The Battle of Roliça, 17 August 1808

On 23rd July 1808, General Arthur Wellesley received a dispatch from Viscount Castlereagh, the Secretary of War, informing him that the French General Junot’s forces in Portugal now numbered more than 25,000. Castlereagh explained his plans to re-inforce the British army in Portugal with 15,000 men. General Sir John Moore was to proceed with an army from Sweden, and another force would be dispatched from Gibraltar. The command of this larger force would pass to Sir Hew Dalrymple (the Governor of Gibraltar).  He was to seconded by Sir Harry Burrard and attended by five other generals, all senior to Wellesley.

On 30 July 1808, General Wellesley started to disembark his troops at Mondego bay.  The landing took a number of days and it was not until the 10th of August, the army marched to Leiria. Wellesley arrived on the 11th.   The army then began its march toward Lisbon shadowing a detachment of the French army under the command of General Henri Delaborde. These troops had been sent by Junot to hold the British while he brought his larger army into position to oppose the Anglo-Portuguese forces.

By 14 August the British reached Óbidos. Here the British vanguard, consisting elements of the 5th/60th and 95th Rifles, clashed with the rear-guard of the French. The 4,000 French retired to the wooded hills around Óbidos and Roliça.  The French position to the north of Roliça, on the higher ground, allowed them to block the roads south towards Lisbon and the approaches to the village which are via four gullies which led up the hill.  Debris and the steep sides to these gullies made attack in formation impossible.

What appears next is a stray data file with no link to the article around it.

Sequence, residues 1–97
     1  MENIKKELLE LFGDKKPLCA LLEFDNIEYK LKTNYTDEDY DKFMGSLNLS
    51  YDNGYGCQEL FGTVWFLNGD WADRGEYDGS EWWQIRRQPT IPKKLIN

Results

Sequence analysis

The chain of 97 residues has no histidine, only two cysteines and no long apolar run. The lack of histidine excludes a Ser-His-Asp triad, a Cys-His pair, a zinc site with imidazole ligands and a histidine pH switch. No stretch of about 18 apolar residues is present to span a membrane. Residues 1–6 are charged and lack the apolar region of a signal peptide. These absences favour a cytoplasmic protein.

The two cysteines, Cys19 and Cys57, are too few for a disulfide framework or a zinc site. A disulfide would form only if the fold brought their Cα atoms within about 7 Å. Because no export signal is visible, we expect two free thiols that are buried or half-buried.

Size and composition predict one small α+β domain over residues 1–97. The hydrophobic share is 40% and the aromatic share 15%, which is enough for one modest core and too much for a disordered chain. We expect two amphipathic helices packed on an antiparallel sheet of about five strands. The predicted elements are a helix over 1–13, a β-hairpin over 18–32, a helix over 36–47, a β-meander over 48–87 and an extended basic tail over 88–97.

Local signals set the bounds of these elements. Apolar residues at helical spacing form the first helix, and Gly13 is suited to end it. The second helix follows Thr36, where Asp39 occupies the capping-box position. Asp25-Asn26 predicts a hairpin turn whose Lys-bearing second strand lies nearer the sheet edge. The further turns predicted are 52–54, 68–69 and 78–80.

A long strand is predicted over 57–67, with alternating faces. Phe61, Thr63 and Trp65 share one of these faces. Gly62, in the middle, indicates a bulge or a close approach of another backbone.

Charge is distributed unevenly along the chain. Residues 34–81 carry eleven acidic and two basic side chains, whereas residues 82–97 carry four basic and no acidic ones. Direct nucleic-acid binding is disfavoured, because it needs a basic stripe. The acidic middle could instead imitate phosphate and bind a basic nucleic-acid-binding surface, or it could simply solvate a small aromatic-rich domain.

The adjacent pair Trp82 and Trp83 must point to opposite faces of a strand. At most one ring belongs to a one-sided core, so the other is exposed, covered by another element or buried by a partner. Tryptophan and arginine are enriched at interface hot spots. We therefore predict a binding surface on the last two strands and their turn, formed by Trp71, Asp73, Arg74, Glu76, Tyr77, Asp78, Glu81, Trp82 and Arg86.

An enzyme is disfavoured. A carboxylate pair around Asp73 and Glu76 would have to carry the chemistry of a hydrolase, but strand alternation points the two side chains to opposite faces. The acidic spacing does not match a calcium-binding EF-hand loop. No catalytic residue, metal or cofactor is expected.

Wellesley arrived at Óbidos on 16 August and advanced on Roliça on the next day.  With his army of 16,000 men, he attempted to a double envelopment manoeuvre, moving against both flanks of the French position, whilst distracting the French with a show of force in the centre. The French moved forward to the south and east of the village at the top of a steep hill to block its approaches.

The Battle of Rolica an aquatint by William Heath, 1795-1840. Copy in the museum collection

Colonel Lake of the 29th Regiment of Foot in the centre then advanced up a gully toward the French position. He arrived behind Delaborde, which cost Lake his life and most of the men in the 29th. This prompted a general attack in relief of the outnumbered British. The fight was rough and uphill.  Delaborde repulsed three assaults by the British until nearly 16:00 hours. By which time Wellesley reached positions at the top of the hill and Ferguson arrived over the hills to the east.  Delaborde began to withdraw in good order with effective aid from his cavalry. Without British cavalry to press the pursuit, they successfully withdrew to Montachique near Torres Vedras.

The Anglo-Portuguese lost 487 casualties, over half that number from the 29th. The French lost 700 men and three of their five guns. The following day Wellesley found that the 4,000 additional British troops had arrived from England and were off the coast. He marched away to cover their disembarkation rather than follow up his victory.

Killed, wounded and missing of the 29th Foot in the Battle of Rolica , 17th August 1808

Killed: 1 Lieut.-Colonel, 2 Serjeants, 31 Rank and File.

Wounded: 1 Major, 3 Captains, 4 Lieutenants, 6 Serjeants, 105 Rank and File.

Missing: 1 Major, 2 Captains, 5 Lieutenants, 1 Serjeant, 1 Drummer, 32 Rank and File.